Tasseomancy, literally means ‘divining or reading the cup’. Today’s practitioners of the art typically interpret patterns in tea leaves or coffee grounds to predict the future. Although tasseomancy has its beginnings along the Mediterranean shores, Turkey, the Middle East and Balkan countries, it’s likely that every culture since the beginning of time has engaged in a similar practice. The vehicle used to gain insight into the natural world – coffee, tea, wine, bones, stars (astrology), runes or Tarot cards has varied between cultures and over time but the intent is the same – to glean information.
The social consumption of stimulants like coffee and tea is a worldwide phenomena. It has become, over centuries culture. Coffee and tea are just as important today as centuries ago, when it changed the way Istanbuli’s and eventually all of Europe, gathered in public places.
As a related field, Tasseomancy is making a comeback, along with the flourishing interest in the origins of things. Depending on one’s alliance it will be called Turkish/Bosnian/Greek/Armenian (Syrian, Serbian etc) coffee, but generally understood as Turkish coffee.
Curiosity about Tasseomancy in the west runs in cycles of popularity though in Eastern cultures, especially Turkey, the Balkans, Greece and the whole of the Mediterranean, the practice is most common. Whether in lighthearted gatherings or in ritual meditative divination, reading the cups brings people together for meaningful conversation. In those cultures, at the end of a meal or afternoon kaffee-klatsch, the standard strong black coffee is served. This coffee is not filtered but instead consists of finely ground coffee beans, immersed in boiling water, boiled again and then served in small, palm sized cups.
It is not uncommon that someone at the table will turn over their cup and ask for a reading from the person next to them. That person will take the lead, with everyone else at the table making comments and adding their two cents worth. As I grew up in a hybrid Balkan household, I am familiar with the scene. Our weekends were occupied with entertaining family and guests. At these gatherings glorious plates of food from my grandmother’s kitchen flooded the living room tables. The constant feature of every meal was the final course of Turkish coffee and sweets, a practice culled from the Ottoman influenced Balkans. Eventually, the men retired to the balcony to smoke and the aunties would read cups with the women. There was no end to the stories the women extracted from the bottom of these tiny porcelain tumblers. Fascinated,I hung on to every word, concentrating on the emptied cups, looking to discover their magical language.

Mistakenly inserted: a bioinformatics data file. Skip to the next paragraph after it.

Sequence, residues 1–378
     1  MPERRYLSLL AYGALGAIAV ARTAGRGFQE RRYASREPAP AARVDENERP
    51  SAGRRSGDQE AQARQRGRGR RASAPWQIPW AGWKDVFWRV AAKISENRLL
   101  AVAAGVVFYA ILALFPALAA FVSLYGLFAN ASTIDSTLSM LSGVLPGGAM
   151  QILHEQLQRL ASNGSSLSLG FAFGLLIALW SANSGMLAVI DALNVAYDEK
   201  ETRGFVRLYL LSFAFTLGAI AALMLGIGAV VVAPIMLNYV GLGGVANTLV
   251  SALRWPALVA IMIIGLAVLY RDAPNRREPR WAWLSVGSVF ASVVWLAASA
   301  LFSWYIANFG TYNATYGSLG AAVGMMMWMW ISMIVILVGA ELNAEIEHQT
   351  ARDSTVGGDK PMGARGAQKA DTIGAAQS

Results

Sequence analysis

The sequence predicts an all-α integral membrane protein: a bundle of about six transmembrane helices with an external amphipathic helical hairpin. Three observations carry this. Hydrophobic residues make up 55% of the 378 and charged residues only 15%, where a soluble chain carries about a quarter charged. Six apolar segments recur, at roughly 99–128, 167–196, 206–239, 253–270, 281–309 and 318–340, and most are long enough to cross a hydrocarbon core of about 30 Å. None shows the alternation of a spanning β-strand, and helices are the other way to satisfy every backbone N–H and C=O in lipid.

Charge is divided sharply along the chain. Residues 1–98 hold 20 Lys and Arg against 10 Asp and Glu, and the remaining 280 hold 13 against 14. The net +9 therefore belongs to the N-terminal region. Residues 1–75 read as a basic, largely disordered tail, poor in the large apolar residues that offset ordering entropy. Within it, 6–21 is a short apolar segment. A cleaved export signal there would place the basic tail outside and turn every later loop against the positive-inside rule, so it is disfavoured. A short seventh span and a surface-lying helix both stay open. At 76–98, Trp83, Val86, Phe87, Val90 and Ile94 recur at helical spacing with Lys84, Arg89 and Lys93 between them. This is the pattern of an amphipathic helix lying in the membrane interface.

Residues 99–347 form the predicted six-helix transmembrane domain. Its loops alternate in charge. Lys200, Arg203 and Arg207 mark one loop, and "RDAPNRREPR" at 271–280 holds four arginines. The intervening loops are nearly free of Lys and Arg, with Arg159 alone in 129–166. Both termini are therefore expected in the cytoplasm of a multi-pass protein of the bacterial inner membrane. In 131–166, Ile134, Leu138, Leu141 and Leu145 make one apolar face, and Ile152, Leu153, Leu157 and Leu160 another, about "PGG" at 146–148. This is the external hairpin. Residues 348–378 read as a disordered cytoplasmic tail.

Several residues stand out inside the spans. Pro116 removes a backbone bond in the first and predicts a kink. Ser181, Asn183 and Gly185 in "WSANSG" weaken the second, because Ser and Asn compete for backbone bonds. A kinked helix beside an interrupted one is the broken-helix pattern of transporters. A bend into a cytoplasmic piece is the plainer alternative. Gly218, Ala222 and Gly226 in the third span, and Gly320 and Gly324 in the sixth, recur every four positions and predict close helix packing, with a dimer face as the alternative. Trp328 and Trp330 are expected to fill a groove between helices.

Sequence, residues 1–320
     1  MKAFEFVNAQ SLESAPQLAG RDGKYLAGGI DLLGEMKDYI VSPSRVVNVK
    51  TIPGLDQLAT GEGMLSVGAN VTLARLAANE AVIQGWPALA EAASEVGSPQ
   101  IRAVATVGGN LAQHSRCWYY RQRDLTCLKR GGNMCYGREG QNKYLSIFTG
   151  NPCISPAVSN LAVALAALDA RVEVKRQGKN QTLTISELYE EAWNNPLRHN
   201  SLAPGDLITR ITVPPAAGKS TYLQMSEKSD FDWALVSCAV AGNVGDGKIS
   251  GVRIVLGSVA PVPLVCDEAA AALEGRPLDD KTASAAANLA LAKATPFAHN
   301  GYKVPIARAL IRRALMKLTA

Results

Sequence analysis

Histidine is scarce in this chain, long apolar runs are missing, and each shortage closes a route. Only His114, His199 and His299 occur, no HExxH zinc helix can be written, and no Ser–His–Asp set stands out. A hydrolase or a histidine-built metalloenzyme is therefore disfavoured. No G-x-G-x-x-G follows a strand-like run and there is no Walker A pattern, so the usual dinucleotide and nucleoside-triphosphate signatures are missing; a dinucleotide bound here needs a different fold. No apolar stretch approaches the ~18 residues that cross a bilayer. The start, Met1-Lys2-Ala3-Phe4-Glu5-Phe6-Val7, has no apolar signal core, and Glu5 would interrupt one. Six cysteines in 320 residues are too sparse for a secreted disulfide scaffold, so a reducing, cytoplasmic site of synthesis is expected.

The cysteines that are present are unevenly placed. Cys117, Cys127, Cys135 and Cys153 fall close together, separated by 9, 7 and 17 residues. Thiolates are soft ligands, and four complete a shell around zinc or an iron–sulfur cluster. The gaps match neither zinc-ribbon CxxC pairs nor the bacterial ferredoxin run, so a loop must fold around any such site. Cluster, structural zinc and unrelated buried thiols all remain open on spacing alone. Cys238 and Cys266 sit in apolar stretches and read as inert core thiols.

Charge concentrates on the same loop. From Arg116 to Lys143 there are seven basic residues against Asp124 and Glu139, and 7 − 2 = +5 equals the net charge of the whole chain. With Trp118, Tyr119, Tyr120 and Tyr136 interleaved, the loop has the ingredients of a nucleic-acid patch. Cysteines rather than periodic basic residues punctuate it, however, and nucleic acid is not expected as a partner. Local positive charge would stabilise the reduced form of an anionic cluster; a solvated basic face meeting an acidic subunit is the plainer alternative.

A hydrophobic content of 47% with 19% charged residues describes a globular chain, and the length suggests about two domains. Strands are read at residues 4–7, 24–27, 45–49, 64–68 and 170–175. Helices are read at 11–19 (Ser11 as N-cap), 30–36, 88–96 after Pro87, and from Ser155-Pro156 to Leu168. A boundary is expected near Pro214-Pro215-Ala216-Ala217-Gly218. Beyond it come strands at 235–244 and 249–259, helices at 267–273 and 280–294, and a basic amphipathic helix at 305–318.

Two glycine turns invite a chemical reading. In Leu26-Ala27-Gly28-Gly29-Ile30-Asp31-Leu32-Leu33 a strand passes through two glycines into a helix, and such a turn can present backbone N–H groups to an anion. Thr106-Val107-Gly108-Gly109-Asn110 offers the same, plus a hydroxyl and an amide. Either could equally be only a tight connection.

Traditionally the cups are read by the women, but can be practiced by anyone. In Mediterranean and Slavic cultures it is certainly not an unusual practice, almost mundane. With interest in Slow Food and immersion travel on the rise, there is a trend in exploring forgotten traditions and cultures. I’ve noted a welcome curiosity about Turkish coffee cup reading.
Somewhere it’s been proven that the act of sitting together and kibitzing over coffee relieves stress and even alienation. Without a doubt, the meet-ups around drinking and spending time over a cup of coffee in public spaces and cafes enhance communication and intimacy between people. Add the prophetic nature inherent in the art of interpreting the cups and it’s downright entrancing. The cup readings themselves encourage introspection and in my experience, create space for reflection and, even wonder. It also seems to foster goodwill and camaraderie, as most anyone can teach themselves to read the universal language of the symbols. Plus, it’s fun! The need to understand the “self” and why things happen to us is an innate human desire. Tasseomancy, is a way to tap into the subconscious, often getting to the heart of what matters quickly. It becomes a way to stimulate imagination and with practice, it creates room for solutions in everyday life.
Silvana Vukadin-Hoitt currently lives in Denver and writes about culture, food, travel and local events.